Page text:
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eBook Helmet for My Pillow: From Parris Island to the Pacific ePub

by John Allen Nelson,Robert Leckie

eBook Helmet for My Pillow: From Parris Island to the Pacific ePub
Author: John Allen Nelson,Robert Leckie
Language: English
ISBN: 1400140501
ISBN13: 978-1400140503
Publisher: Tantor Audio; Library - Unabridged CD edition (February 26, 2010)
Category: Leaders & Notable People
Subcategory: Biography
Rating: 4.2
Votes: 687
Formats: rtf docx lrf doc
ePub file: 1422 kb
Fb2 file: 1781 kb

A helmet for my pillow, A poncho for my bed, My rifle rests across my chest-.

A helmet for my pillow, A poncho for my bed, My rifle rests across my chest-. The foe you gave was strong and brave. And unafraid to die. Speak to The Lord for our comrades, Killed when the battle seemed lost. They went to meet a bright defeat-.

The fields were like a mid-week holiday that saves a job from drudgery. It was a recess, a winter vacation. Fear seemed almost to vanish.

Robert Leckie’s theme is the purely human experience of war in the Pacific, written in the graceful imagery of a. .

Robert Leckie’s theme is the purely human experience of war in the Pacific, written in the graceful imagery of a human being. One hell of a book! The real stuff that proves the . Robert Leckie's theme is the purely human experience of war in the Pacific, written in the graceful imagery of a human being who - somehow - survived' - Tom Hanks.

Leckie's Helmet for my Pillow takes the reader from the hallowed training grounds of Parris Island, through the .

Leckie's Helmet for my Pillow takes the reader from the hallowed training grounds of Parris Island, through the months of chaos and death on Guadalcanal, to the misery and futility of Cape Gloucester, and on to the bloody beaches and airfields of Peleliu. Leave the best till last.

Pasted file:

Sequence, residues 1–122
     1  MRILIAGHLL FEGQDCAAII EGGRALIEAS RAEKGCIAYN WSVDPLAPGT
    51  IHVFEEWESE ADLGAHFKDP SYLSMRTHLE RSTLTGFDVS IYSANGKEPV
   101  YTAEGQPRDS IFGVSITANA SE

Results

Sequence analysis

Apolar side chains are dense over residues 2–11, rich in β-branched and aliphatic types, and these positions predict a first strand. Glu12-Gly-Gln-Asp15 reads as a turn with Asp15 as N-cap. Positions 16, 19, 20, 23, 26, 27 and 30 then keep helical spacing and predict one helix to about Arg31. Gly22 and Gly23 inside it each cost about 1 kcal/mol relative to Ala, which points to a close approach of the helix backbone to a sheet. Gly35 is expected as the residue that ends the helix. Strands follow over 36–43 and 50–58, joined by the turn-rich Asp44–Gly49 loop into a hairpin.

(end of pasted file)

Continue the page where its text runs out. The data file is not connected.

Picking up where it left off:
Helmet for My Pillow: From Parris Island to the Pacific . Written by Robert Leckie. Narrated by John Allen Nelson. In Helmet for My Pillow, we follow his odyssey, from basic training on Parris Island, South Carolina, all the way to the raging battles in the Pacific, where some of the war's fiercest fighting took place. This is a book that brings you as close to the mud, the blood, and the experience of war as it is safe to come.

Helmet for My Pillow is the personal narrative written by World War II United States Marine Corps veteran, author, and military historian Robert Leckie. First published in 1957, the story begins with Leckie's enlisting in the United States Marines shortly after the 1941 attack on Pearl Harbor.

Helmet for My Pillow book. Robert Leckie was 21 when he enlisted in the US Marine Corps in January 1942

Helmet for My Pillow book. Robert Leckie was 21 when he enlisted in the US Marine Corps in January 1942. In Helmet for My Pillow we follow his journey, from boot camp on Parris Island, South Carolina, all the way to the raging battles in the Pacific, Now the inspiration behind the HBO series THE PACIFIC.